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A vital component of a sustainability strategy in existing buildings is to look at the environmental impact of the materials that come into the facility. Products that contain only virgin materials deplete natural resources and create pollution through the manufacturing process. Products with recycled content, on the other hand, help divert waste from a landfill in favor of creating a new product.
Another important part of a sustainability policy is using local resources. That generates business within the local economy and decreases pollution by reducing the distance materials are transported.
Facility executives usually control many of the important material purchases for an organization. Creating a sustainable purchasing policy, setting goals and tracking purchases are all steps toward controlling what is brought into a facility. Finding environmentally responsible products is becoming much easier, and products are less costly than in years past.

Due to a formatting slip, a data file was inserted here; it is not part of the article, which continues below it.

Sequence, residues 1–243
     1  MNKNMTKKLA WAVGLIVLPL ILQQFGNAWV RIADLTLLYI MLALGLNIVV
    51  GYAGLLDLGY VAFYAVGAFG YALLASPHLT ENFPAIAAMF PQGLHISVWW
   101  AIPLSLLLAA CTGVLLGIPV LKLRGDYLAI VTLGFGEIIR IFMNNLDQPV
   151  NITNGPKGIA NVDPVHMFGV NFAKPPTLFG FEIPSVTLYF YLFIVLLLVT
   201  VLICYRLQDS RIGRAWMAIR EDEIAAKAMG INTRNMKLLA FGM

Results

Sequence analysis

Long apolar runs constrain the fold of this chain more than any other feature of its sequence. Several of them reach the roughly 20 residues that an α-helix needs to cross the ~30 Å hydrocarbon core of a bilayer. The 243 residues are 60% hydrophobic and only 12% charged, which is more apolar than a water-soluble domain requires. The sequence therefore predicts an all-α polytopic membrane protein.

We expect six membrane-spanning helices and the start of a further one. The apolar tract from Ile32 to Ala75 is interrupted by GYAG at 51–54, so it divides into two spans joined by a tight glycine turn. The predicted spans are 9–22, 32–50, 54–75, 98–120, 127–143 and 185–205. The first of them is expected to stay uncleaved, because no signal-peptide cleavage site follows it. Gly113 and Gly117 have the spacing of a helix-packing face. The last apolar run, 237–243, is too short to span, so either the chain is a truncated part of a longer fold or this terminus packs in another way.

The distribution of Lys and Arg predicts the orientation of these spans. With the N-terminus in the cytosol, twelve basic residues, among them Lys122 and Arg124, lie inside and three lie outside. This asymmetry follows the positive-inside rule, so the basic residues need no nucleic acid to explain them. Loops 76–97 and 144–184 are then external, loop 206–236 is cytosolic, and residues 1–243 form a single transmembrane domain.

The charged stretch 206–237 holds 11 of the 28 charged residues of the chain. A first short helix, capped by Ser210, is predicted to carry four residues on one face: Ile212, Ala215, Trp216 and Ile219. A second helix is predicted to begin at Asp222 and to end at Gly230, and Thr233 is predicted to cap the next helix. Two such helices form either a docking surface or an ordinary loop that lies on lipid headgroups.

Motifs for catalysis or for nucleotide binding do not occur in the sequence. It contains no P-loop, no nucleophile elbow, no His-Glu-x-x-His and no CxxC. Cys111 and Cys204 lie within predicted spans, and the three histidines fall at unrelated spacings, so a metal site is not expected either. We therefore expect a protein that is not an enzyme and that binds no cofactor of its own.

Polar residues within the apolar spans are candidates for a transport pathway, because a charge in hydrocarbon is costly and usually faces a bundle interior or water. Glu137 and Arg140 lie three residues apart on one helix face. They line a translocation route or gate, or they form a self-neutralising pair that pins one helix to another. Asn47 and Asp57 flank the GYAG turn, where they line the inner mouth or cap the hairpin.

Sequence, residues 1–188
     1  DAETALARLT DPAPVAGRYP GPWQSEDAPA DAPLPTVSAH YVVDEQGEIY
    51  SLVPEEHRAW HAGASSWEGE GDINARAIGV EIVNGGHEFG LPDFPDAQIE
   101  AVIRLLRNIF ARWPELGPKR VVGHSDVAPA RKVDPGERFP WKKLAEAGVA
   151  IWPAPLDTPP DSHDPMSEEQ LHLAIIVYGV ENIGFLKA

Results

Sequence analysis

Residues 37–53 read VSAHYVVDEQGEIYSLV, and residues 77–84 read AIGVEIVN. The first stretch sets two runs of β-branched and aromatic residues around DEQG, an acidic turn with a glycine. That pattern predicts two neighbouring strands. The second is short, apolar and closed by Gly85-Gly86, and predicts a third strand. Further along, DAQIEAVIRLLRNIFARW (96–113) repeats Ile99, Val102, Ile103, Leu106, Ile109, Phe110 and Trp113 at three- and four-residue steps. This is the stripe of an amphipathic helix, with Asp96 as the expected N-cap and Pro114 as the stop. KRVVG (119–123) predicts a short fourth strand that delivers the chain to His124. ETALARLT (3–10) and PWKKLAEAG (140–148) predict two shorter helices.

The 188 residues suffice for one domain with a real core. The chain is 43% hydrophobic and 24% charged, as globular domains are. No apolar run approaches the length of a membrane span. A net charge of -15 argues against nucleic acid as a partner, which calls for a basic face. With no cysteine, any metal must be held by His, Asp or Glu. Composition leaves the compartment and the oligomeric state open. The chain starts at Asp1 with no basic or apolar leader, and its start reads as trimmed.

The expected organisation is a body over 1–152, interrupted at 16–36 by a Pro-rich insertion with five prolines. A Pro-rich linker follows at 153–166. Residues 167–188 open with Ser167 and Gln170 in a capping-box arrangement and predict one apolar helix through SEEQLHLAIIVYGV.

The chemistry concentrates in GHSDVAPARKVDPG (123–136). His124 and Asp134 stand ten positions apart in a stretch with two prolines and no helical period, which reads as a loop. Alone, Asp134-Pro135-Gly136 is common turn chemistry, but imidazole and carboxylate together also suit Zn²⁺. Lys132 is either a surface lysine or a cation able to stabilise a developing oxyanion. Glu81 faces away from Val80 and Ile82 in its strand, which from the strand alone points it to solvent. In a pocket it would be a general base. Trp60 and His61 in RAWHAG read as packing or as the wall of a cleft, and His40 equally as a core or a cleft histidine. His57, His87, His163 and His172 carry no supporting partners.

For products not under their purview, facility executives can act as the proponent for sustainable purchasing because most of these purchases include items that are critical to the functioning of the workplace.
Again, LEED-EB provides guidance for sustainable purchasing policies. To obtain points for the purchasing of sustainable office products, a minimum of 40 percent of the total products must meet a set of sustainable criteria. Sustainable purchasing criteria identified by USGBC include: